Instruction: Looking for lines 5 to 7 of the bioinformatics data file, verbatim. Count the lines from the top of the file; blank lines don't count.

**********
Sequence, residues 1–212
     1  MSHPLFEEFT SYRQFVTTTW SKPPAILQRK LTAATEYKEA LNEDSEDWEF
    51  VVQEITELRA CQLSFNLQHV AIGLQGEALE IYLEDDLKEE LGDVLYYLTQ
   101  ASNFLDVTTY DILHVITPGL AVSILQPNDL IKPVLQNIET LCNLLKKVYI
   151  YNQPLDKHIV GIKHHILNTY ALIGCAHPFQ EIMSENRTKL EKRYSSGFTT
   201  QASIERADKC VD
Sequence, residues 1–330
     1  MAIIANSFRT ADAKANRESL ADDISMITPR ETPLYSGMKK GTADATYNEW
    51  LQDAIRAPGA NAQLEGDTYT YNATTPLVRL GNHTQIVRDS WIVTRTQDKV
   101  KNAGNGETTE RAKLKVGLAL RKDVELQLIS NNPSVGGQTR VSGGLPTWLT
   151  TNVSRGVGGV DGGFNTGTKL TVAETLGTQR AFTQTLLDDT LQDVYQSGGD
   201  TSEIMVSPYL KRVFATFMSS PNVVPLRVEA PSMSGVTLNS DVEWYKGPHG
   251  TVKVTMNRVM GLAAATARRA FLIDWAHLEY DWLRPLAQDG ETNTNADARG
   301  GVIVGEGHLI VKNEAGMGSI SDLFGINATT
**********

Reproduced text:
   151  YNQPLDKHIV GIKHHILNTY ALIGCAHPFQ EIMSENRTKL EKRYSSGFTT
   201  QASIERADKC VD
Sequence, residues 1–330